Cantor Art Center at Stanford University
Exhibit: August 13, 2014 - October 26, 2015
For the past 50 years, Bay Area art collectors Harry and Mary Margaret Anderson have passionately assembled one of the most outstanding private collections of 20th-century post-war American art in the world. On September 21, more than 100 extraordinary works from their collection— donated to Stanford University—will be on view in a new museum adjacent to the Cantor Arts Center: the Anderson Collection at Stanford University. To celebrate its new neighbor, the Cantor presents an exhibition of spectacular Pop Art works on loan from SFMOMA’s own Anderson collection.
De Young Museum, San Francisco
Exhibit: November 8, 2014 - February 16, 2015
Keith Haring: The Political Line has its US premiere at the de Young and is the first major Haring show on the West Coast in nearly two decades. Many of the works are on loan from the Keith Haring Foundation, New York, with supplemental loans from public and private collections. Several pieces have not been published or on public view since the artist’s death, in 1990.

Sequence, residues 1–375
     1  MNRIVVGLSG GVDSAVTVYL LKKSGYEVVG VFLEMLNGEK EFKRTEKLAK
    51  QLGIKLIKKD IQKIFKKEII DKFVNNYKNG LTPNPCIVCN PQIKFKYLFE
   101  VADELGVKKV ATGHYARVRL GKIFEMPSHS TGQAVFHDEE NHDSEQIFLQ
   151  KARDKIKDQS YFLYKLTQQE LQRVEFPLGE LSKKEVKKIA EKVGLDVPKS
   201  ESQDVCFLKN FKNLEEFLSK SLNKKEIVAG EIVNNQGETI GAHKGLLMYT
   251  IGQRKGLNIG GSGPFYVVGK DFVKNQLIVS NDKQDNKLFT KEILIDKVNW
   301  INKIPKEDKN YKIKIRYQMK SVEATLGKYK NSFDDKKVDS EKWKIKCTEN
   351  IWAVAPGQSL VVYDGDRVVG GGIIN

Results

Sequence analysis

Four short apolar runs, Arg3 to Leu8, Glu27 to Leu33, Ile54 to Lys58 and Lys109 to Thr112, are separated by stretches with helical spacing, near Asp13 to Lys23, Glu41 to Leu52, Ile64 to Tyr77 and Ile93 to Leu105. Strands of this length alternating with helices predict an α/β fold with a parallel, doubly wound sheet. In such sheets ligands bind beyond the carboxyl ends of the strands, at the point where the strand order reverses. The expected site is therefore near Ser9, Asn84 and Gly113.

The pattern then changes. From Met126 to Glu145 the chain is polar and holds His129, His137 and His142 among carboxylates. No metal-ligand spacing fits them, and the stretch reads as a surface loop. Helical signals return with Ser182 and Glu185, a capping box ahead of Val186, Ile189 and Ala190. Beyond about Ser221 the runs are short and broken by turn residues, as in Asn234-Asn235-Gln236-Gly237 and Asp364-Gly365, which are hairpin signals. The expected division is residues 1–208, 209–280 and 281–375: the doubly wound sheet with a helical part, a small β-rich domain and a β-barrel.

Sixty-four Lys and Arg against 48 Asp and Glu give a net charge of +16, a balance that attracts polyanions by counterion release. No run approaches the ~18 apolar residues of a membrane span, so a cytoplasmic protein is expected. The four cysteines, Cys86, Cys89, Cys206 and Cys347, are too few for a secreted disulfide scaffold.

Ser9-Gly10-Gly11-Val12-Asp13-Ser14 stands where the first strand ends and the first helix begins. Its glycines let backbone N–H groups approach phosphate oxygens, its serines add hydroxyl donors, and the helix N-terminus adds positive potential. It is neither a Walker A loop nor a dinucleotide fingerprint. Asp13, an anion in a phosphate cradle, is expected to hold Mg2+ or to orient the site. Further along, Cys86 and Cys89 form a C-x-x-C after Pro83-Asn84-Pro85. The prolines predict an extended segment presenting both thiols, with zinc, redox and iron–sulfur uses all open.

The Political Line will feature more than 130 works, including large-scale paintings on tarpaulins and canvases, sculptures, and a number of the artist’s subway drawings. The exhibition creates a narrative that explores Haring’s responses to nuclear proliferation, racial inequality, the excesses of capitalism, environmental degradation, and other issues of deep personal concern.
Haring’s work has long been a part of San Francisco’s visual culture. He created works for diverse venues in San Francisco during his lifetime, including murals for DV8, a club once located in the South of Market neighborhood, and a huge, multi-panel painting for the South of Market Childcare Center (also known as the Saint Patrick's Daycare Center). Haring’s outdoor sculpture Untitled (Three Dancing Figures) (1989), located at Third and Howard Streets, is a prominent feature of Moscone Convention Center, and his triptych altarpiece The Life of Christ (1990) is installed in the AIDS Chapel at Grace Cathedral.
Cantor Arts Center at Standford University
Exhibit Dates: April 13, 2014 - October 26, 2015